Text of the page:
So that’s where degrees come in. You want to have a decent-paying job at some point, you’ll need a degree. I’m at college to get a degree and chances are that you were/are/will be at college to get a degree. But is that really enough? I can’t help think back to a Peter Kreeft book where the resurrected philosopher Socrates approaches a college student to figure out why he’s attending college. I’ll paraphrase it briefly:

Socrates: Why are you here?

Student: To get a degree so I can get a job.

Soc: Why?

Stu: To make a lot of money so I can have a family and send my children to college.

Soc: Why will you send them to college?

Stu: So they can get degrees and get jobs.

 

It goes on like that.

 

Now this is really what I’m seeing here at my college. Students come in from generally the middle-class/upper-class to get degrees, get jobs, and return to being part of the middle-class/upper-class. People will take jobs on the basis of pay, whether said jobs are fulfilling or not, and spend the next forty years or so grinding away at their jobs. Why? To do what they really want to do. To go fishing, to take care of a garden, to spend time with family, to paint, to read, to tinker with cars, to cook, to write, and so on. It’s seems to me to be awful rate of exchange if we’re working sixty-plus years at jobs we don’t care about (or even hate) to spend our old age desperately trying to do the things we we wanted to do from the beginning (indeed, the things we were born to do). I don’t want to work on the machine that going to sap me of my life, rewarding me with the chance to do what I love doing when I’m too old to do it! I don’t want to have wealth, I want to have purpose.

 

That, I think, is the point of it all.

The only question we’re left with is “what purpose”?

 

19
Oct
10

A More Perfect Union

We have a complicated relationship with labor unions in the West. We have the timeless image of decent, simple, blue-collar men (and women) who work hard to put food on their family’s tables, until the company they work for decides to cut wages, leaving the worker’s no choice other than to form a union, strike, and eventually victor over the soulless corporate fat-cats in a heartwarming, straight-to-television kind of way. Balancing this image is that of the corrupt, surly, indolent teamsters, siphoning off cash from both the company and the workers, and bullying any opposition into submission.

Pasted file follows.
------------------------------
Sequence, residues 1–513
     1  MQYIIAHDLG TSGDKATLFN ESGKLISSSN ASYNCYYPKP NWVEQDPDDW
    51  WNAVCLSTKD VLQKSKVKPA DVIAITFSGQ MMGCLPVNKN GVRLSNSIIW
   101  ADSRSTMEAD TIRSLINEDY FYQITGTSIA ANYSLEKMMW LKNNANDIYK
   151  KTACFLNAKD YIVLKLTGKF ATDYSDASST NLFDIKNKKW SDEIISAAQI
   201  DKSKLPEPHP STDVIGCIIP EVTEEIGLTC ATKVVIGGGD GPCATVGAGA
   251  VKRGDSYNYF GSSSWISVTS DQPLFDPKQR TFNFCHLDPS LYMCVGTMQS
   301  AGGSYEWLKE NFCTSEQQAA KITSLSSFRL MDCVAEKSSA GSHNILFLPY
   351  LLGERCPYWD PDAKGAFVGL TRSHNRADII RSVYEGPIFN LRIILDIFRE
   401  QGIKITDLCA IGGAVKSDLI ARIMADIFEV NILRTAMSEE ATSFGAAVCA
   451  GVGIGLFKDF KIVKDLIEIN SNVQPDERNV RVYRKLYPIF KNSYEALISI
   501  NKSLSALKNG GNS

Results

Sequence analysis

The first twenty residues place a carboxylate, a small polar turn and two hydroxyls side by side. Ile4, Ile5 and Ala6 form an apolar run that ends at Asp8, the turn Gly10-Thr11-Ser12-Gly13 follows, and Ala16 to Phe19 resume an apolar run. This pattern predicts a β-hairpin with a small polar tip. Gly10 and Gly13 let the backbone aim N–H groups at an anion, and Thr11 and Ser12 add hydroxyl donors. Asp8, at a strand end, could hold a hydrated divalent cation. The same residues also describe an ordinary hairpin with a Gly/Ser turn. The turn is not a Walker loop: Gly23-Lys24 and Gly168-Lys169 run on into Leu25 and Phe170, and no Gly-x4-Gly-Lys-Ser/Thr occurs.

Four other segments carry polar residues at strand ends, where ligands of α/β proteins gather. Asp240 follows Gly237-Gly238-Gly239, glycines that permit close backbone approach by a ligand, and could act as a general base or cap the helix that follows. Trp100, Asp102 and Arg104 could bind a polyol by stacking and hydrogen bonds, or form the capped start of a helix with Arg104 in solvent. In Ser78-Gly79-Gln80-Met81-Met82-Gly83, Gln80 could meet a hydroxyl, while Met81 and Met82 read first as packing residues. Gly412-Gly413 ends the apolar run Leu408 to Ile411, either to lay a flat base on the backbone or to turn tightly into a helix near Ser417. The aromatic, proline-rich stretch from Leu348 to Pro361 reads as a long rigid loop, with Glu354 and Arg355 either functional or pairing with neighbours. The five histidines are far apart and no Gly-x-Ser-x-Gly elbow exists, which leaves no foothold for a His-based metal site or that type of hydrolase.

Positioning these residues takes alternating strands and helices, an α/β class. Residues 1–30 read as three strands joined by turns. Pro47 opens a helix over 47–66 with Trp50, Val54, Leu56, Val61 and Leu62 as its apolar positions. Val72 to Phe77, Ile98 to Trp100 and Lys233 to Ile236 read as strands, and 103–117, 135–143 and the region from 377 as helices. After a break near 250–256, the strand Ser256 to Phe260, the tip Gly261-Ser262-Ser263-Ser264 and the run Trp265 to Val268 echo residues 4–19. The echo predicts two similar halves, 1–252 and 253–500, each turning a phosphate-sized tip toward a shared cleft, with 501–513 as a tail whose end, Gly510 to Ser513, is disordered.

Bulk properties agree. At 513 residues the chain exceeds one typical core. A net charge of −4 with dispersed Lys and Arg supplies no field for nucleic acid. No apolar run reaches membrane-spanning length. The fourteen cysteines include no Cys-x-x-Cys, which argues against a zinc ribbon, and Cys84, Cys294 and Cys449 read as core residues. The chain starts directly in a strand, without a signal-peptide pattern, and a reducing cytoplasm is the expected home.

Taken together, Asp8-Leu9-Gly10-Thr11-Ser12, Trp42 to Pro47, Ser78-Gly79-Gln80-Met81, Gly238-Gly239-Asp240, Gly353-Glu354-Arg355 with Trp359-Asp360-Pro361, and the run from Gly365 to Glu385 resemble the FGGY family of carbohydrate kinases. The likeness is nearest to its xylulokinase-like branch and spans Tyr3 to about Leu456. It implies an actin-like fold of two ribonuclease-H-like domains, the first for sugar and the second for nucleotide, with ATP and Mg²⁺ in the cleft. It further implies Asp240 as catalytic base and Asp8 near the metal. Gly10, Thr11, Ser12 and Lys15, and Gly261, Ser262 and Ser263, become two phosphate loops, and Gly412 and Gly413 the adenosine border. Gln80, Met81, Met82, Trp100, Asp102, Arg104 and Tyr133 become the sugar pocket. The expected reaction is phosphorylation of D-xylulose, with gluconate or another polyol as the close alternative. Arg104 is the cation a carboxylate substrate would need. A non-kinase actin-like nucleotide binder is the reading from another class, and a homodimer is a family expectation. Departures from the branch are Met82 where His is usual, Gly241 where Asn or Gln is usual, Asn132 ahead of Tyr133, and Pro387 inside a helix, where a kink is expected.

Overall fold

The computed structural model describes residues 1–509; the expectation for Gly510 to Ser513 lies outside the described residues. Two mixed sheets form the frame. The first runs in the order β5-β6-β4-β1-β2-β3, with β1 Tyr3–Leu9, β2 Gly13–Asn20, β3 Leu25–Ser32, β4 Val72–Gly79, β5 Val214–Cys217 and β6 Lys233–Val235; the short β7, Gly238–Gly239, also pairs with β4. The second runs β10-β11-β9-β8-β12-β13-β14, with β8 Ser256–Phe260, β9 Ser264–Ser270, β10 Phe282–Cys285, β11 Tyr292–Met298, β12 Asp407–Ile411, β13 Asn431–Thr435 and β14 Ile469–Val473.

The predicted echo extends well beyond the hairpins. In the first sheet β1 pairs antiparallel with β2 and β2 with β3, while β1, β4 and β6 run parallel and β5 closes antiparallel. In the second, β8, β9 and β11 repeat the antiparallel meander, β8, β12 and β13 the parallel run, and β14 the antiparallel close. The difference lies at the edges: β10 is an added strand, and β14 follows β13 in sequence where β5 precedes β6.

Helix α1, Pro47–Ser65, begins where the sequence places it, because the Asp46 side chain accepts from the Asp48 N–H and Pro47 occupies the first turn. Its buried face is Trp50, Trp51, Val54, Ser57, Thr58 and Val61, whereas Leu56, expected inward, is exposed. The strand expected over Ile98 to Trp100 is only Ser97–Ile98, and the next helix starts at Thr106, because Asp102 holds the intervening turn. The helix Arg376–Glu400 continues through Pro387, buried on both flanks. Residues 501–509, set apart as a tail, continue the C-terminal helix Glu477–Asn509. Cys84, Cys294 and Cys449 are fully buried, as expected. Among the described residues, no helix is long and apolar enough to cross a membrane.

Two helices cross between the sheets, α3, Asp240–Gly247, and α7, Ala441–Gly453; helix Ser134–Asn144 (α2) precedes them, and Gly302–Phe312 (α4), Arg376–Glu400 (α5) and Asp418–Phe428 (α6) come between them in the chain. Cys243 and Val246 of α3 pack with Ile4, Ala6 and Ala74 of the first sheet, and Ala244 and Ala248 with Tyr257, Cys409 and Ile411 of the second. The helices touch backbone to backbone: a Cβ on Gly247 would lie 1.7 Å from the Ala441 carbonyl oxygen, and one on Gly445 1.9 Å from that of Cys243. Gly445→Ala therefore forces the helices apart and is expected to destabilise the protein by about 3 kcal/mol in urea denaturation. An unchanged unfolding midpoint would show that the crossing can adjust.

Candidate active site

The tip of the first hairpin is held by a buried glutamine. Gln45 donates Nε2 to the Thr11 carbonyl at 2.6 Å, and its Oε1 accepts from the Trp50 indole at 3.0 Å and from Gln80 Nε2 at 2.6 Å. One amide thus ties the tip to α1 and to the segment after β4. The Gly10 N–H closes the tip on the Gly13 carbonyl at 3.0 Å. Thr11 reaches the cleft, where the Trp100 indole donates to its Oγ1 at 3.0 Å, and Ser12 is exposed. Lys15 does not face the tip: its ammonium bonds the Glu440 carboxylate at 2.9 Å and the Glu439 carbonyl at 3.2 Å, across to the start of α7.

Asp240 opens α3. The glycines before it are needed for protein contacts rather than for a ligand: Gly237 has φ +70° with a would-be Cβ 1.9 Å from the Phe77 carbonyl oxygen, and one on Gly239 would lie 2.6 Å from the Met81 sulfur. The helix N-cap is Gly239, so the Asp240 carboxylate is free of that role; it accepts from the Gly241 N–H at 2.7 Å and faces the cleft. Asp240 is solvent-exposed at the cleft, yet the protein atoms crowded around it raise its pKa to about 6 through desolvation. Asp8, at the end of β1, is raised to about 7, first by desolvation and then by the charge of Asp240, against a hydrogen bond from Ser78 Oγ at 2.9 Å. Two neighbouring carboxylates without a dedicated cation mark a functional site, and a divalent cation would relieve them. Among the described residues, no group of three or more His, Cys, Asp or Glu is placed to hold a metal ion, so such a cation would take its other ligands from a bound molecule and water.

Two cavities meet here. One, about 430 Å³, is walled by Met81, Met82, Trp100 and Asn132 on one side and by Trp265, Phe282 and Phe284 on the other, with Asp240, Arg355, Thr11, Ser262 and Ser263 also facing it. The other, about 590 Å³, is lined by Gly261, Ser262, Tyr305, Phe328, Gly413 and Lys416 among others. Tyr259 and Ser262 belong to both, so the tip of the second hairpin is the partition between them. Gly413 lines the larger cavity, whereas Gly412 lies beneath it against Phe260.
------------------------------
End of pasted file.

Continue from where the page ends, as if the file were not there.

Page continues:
Now there’s a bit of truth to both sides. On the one hand, unions were once (and in many parts of the world, still are) violently persecuted and harassed by companies and corporations who had men, women, and children working long hours for low pay in dangerous and unsanitary conditions. Unions were, for the working class, their sole means of getting a fair wage or better conditions. On the other hand, it’s undeniable that there is corruption within many unions- just look at the news stories of unions hiring non-union workers to picket for them (linked here).

 

Now as you can probably guess, Communists side unilaterally with unions. Indeed, Communists were among the first to push for worker’s rights and unionization, and continue to do so to this day. However, what is the Marxist response to the problem of unions becoming parasitic organizations that exploit both employees and employers?

 

The problem of union corruption arises from an attempt to fight for worker rights within the Capitalist system, rather than recognizing Capitalism as the source of exploitation. Imagine that you lead a union of textile workers. You’ve just got the company you work for to agree to good wages, safe working conditions, good benefits (healthcare and whatnot)- where do you go from there? If you dissolve the union, there’s the high likelihood that the company will simply begin to exploit the workers again. If you continue to fight for higher wages and more benefits, then you might damage the company by draining it of its profits (demanding $100 hourly-wages in a lemonade stand that has a weekly profit of $5- extreme example, but you get the idea). And since we live in a society based entirely on acquiring the most cash possible, the best option for you is to line your pockets with money from both sides- higher wages from the company and union dues from the workers. This is the problem- if nothing is done about the Capitalist system that caused the exploitation in the first place, unions can be just as bad as the company.

 

So what’s the solution?

A change of priorities.

 

Communists, both in this country and around the world are working both with and in unions to fight for worker’s rights, but in a very different way than their Capitalist counterparts. Instead of working towards the end goal of more money, the Communist solution is for unions to work towards more control. Instead of continuing to work for the corporations, unions are to work for greater control over their places of work, be it a textile factory, a automobile assembly line, or a fast-food chain. Ultimately, all workers would have a fair and equal wage, and an equal share in the company. Essentially, the textile factory would be owned and run by those working there. With an equal share of the company, profit becomes secondary to the well-being of the workers and the quality and quantity of the  product being made. Exploitation would be impossible, and there would be no dichotomy between the will of the workers and the will of the company. This is the kind of union worth fighting for.

15
Jun
10

[In]tolerable Evil

The myth that Capitalism is a great and fair system is becoming rapidly dispelled. Such disasters as the Bhopal gas catastrophe, the BP oil spills, the Minamata bay dumpings,  the Triangle Shirtwaist factory fire, and the general level of corruption, ecological devastation, poverty, and exploitation brought on by our current economic structure have brought many to an understanding that Capitalism is in fact an inherently evil system that benefits a lucky few. Even so, the contemporary attitudes toward towards Capitalism are tolerant. In spite of the repeated evils brought on by this system, the simple fact is people don’t care!